Edward’s 16th birthday was shortly before he was mustered out.  What more can be said than he had certainly had an eventful year.

It seems likely that this photo was from early in his Civil War service.  My daughter said that he looks like he is about five.  I think he could easily be mistaken for a little boy playing dress-up, playing at being a soldier in a war — not serving in the Civil War.

The photo is in the possession of a cousin who is a descendant of Edward’s half sister Cecilia Dwyer Weaver; Celia is a sister of my great grandmother Laura Dwyer French.  If you’d like to read more about Edward and his parents, see Mystery Monday – Jeremiah Dwyer, county Tipperary to Saint Louis, Missouri or select the Category “Dwyer” under “Surnames” in the drop down list to find additional posts on Jeremiah and on my great grandmother Anna Rooney Dwyer.

Next Monday I’ll continue Edward’s Civil War service with his enlistment in a Missouri regiment.

Military Monday – Researching your Ancestors

Following up on last Monday’s post on The War of 1812, I want to expand a little on some of the things I learned in Peggy Clemens Lauritzen’s webinar The War of 1812 – America’s “Forgotten” War.  I also want to give you a list of some of my favorite sites for military information.  All of these sources are free, of course.

Peggy gave a great overview of the major battles of the war, and she pointed out many places to look for records.  She especially encouraged us to look at County Histories to find military lists and other local information about our ancestors. wiki was another source she highly recommended, U.S. Military Records.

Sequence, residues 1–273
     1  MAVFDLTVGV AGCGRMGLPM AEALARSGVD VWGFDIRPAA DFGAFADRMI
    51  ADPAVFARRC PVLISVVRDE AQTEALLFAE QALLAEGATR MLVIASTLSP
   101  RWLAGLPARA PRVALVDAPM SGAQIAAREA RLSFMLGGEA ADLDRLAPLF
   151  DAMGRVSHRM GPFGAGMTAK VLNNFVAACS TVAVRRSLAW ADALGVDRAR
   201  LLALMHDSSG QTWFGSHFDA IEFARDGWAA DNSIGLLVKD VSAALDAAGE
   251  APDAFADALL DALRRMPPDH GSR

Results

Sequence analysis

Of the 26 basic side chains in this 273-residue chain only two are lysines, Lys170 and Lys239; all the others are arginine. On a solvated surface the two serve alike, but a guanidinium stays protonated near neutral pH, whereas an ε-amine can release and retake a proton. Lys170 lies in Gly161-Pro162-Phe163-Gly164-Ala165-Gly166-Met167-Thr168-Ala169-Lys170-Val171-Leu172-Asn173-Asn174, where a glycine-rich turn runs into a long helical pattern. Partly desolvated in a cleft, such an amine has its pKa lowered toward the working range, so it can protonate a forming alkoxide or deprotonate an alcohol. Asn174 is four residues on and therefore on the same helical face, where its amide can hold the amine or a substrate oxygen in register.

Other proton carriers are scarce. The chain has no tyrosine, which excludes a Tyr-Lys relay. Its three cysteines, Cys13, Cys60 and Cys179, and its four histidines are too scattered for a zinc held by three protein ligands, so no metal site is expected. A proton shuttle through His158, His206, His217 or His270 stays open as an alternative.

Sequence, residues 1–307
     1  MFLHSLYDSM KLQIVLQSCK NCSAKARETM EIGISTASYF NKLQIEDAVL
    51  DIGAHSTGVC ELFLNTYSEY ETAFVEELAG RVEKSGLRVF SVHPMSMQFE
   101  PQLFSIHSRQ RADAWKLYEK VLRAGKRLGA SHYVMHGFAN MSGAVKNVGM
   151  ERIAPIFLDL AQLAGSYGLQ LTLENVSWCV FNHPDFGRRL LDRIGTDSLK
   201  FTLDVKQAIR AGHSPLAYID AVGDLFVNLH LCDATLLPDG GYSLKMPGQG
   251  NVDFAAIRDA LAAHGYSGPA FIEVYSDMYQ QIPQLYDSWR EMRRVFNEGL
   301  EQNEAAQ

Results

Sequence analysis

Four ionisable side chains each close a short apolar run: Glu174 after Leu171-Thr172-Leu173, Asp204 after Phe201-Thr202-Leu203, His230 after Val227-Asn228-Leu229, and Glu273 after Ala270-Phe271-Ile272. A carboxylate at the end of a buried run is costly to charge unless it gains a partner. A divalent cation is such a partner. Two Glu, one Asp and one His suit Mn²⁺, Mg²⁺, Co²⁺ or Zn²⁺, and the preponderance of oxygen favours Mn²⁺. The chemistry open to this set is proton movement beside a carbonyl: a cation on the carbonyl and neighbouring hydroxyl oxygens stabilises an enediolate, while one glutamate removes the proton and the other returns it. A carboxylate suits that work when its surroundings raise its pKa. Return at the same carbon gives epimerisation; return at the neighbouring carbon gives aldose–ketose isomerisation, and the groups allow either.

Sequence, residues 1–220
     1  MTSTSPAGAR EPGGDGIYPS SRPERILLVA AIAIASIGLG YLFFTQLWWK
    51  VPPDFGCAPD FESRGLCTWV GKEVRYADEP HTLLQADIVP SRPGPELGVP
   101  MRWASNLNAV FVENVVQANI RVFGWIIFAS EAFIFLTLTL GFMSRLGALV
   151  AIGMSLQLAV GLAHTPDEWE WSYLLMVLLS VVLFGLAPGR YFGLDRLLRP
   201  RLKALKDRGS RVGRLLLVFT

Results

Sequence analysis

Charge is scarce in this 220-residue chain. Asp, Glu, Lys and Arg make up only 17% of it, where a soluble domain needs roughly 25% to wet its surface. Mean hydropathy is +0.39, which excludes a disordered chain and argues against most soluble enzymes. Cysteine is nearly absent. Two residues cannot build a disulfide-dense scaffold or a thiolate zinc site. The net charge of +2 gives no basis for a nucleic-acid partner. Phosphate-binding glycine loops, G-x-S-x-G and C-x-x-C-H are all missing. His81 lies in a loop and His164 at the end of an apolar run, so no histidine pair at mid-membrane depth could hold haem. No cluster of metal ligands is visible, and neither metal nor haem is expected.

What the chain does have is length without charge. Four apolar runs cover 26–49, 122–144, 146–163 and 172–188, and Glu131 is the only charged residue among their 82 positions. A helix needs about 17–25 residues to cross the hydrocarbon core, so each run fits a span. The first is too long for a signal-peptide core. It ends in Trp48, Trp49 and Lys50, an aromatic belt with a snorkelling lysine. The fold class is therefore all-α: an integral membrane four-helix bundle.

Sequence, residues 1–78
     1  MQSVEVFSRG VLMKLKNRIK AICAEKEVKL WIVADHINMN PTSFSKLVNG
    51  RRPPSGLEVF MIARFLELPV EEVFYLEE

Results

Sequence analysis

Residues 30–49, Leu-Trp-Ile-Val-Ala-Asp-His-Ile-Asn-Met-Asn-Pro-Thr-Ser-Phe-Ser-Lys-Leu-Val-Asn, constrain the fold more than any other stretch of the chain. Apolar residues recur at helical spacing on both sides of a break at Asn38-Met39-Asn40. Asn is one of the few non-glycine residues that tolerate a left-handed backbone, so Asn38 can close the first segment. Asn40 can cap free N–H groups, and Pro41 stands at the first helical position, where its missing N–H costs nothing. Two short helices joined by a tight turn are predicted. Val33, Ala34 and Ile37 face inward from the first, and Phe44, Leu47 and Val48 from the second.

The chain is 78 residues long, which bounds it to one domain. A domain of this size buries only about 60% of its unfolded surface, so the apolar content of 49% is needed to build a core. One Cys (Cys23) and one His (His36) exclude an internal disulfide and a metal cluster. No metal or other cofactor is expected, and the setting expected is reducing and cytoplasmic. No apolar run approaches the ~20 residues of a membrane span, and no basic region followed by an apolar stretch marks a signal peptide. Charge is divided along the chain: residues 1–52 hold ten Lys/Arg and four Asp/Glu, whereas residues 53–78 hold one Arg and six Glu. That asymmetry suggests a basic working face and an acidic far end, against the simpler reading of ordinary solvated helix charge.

Another research aid that Peggy uses is a great idea:  a spreadsheet of ancestors who served in the military.  She has all military events as columns, across the top (French & Indian War, Revolutionary War, War of 1812, etc). She lists ancestors/family members down the left side, as rows.  She fills in all the information she knows for each person, such as the name of the Battle, the Regiment, the pension file, and if the person died.  Here is a rough first draft for some of my ancestors (click on the spreadsheet to see it enlarged):

This is a great way to keep track of the data that you have collected, and to see any holes that you have, research that still needs to be done.  As you can see, I have also listed research I want to do.  For example, I know that David Stewart had a land warrant for 902 ½ acres recorded on 21 Oct 1783.  He served in the 1st Light Dragoons 1777-1778 and I need to find out if this warrant is a bounty for that service.

You can go through your list of family members and identify which ones were of an age to have served in which wars.  Or, if you’re not quite ready for that level of investigation, you can simply add a person to the list as you find information for them.  I am creating a spreadsheet for my direct line ancestors which shows their ages during each war.  It shows their age at the beginning and end of each war if they were over 10.  By color coding it, I can easily see who I need to investigate.

Here are some sites that I especially like:
Southern Campaign Revolutionary War Pension Statements